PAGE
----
Posts: 56 | Location: Auckland, NZ | Registered: Monday March 28, 2005Report This Post
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This first picture shows adventitious roots above where the finger is pointing. They grew because the tree had been planted too deep. They form from tissues (most often from stems or trunks) and not from another parent root. These roots do not anchor a tree properly.
http://www.mortonarb.org/deeptreeroots/photos/symp120_full.jpg

Here you can see adventitious roots above the dotted line.
http://www.mortonarb.org/deeptreeroots/photos/symp130_full.jpg

Those pictures are from the bottom of this page.
http://www.mortonarb.org/deeptreeroots/rec_symptoms.html

You can read about types of roots here.
http://www.botgard.ucla.edu/html/botanytextbooks/genera...esofroots/index.html

Here's what a girdling root looks like.
http://hort.ifas.ufl.edu/woody/rootcirclingpine.html

Removing them.
http://hort.ifas.ufl.edu/woody/removecircling.html

Where it can lead to if you don't remove the circling and/or girdling roots.
http://hort.ifas.ufl.edu/woody/rootgrowthdefectstwodet.html

Newt


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When weeding, the best way to make sure you are removing a weed and not a valuable plant is to pull on it. If it comes out of the ground easily, it is a valuable plant.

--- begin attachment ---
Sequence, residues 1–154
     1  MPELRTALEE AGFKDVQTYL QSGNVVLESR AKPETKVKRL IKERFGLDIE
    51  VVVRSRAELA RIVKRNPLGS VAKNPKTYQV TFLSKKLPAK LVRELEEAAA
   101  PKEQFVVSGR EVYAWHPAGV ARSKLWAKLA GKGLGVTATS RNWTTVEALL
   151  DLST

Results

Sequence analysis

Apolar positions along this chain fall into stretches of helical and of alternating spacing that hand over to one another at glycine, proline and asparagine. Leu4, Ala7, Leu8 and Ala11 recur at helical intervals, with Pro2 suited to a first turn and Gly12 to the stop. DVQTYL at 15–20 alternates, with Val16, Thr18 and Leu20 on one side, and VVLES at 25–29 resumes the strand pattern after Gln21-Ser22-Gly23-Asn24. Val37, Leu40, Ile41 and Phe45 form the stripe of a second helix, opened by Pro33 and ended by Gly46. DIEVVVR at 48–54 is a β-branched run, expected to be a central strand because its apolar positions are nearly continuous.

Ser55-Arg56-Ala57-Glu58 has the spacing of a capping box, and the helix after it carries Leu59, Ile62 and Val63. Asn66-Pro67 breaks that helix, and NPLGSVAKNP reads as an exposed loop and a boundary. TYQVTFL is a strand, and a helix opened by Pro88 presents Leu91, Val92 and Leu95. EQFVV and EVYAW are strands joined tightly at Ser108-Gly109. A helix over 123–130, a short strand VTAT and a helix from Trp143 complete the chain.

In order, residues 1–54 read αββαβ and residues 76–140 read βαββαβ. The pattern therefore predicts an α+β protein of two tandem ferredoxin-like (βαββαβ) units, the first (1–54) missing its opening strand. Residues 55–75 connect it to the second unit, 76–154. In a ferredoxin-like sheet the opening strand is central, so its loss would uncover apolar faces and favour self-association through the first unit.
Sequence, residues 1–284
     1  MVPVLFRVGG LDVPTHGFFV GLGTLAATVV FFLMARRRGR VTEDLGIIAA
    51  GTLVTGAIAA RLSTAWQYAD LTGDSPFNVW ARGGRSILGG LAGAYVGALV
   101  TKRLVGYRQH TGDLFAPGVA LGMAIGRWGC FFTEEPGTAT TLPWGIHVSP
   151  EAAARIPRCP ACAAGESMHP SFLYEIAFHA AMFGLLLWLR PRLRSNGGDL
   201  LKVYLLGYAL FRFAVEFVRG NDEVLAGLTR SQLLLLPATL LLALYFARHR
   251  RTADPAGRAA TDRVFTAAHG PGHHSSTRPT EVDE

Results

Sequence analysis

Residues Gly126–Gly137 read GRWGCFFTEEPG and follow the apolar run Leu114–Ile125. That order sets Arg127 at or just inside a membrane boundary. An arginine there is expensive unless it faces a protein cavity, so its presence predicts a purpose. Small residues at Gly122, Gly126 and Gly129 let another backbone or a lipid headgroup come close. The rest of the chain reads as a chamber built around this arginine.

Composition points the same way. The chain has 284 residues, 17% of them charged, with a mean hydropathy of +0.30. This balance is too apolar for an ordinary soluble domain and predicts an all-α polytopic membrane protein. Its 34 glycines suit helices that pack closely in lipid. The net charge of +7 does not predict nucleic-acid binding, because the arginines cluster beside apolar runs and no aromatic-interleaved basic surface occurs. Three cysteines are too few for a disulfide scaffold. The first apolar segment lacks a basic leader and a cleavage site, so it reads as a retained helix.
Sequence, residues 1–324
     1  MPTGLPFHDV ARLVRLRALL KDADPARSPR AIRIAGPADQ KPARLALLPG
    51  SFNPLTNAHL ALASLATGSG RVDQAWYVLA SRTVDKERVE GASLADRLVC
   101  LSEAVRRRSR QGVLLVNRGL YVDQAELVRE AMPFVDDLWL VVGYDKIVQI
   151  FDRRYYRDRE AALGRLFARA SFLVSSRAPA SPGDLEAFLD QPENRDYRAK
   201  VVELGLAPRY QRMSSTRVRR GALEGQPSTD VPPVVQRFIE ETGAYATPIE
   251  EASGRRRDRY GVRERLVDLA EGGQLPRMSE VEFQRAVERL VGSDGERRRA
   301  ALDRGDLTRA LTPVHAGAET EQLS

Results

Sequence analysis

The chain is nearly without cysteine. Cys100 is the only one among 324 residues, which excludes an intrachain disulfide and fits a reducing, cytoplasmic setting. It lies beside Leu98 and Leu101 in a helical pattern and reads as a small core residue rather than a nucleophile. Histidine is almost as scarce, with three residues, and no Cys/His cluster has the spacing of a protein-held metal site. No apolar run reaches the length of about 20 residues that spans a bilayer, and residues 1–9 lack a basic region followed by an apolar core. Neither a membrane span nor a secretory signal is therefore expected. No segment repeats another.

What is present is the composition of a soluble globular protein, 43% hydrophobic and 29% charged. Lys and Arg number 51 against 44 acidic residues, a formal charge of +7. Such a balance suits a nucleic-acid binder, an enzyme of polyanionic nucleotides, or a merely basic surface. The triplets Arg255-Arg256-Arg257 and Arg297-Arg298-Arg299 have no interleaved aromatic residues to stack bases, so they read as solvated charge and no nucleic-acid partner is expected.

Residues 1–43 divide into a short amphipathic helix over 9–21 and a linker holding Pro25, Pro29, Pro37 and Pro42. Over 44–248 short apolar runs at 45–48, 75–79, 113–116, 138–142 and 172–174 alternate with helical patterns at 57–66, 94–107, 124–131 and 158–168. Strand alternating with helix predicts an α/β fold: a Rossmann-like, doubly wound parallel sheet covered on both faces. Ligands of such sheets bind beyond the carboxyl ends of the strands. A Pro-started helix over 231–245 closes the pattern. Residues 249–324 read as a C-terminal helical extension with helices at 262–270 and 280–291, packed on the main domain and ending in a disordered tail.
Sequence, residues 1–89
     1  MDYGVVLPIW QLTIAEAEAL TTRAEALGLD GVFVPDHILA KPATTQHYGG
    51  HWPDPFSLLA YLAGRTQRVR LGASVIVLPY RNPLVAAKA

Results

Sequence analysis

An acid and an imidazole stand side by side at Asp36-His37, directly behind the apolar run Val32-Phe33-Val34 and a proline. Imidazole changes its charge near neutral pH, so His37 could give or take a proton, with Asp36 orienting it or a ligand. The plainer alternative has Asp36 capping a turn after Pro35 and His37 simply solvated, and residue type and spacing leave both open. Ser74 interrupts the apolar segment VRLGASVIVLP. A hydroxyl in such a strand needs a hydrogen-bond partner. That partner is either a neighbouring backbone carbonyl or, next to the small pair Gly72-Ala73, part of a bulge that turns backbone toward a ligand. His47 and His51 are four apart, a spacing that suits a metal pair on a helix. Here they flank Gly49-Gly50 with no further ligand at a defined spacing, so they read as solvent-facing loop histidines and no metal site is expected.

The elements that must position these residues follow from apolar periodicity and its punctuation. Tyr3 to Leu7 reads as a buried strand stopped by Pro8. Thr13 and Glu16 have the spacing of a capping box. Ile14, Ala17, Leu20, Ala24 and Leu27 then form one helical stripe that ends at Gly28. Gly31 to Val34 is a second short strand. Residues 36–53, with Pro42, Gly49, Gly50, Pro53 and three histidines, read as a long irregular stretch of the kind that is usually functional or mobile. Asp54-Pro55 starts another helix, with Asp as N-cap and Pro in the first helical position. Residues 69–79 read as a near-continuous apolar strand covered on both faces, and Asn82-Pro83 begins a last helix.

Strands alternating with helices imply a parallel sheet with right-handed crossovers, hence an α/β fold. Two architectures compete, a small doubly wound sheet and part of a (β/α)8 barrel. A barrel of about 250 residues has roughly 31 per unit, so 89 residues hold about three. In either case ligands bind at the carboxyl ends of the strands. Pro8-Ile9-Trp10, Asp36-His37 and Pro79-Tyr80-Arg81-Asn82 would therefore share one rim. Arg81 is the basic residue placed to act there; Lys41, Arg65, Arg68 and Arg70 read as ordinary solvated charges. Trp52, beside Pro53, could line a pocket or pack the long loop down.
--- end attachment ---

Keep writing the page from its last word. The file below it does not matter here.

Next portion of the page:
Posts: 42 | Location: Maryland zone 7 | Registered: Friday May 06, 2005Report This Post
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Good to see someone's got their head screwed on Newt. I did ramble a bit aimlessly and went on about girdling roots and pot bound/spiralling roots at the same time, ranga was't even talking about the latter, idle fingers e'h.
 
Posts: 56 | Location: Auckland, NZ | Registered: Monday March 28, 2005Report This Post
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Kit, no problem. I've been know to be 'wordy' myself. Eek

Newt


--------------------
When weeding, the best way to make sure you are removing a weed and not a valuable plant is to pull on it. If it comes out of the ground easily, it is a valuable plant.
 
Posts: 42 | Location: Maryland zone 7 | Registered: Friday May 06, 2005Report This Post
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Hello Kit & Newt,

Thank you very much for your insight and excellent pictorial links explaining girdling.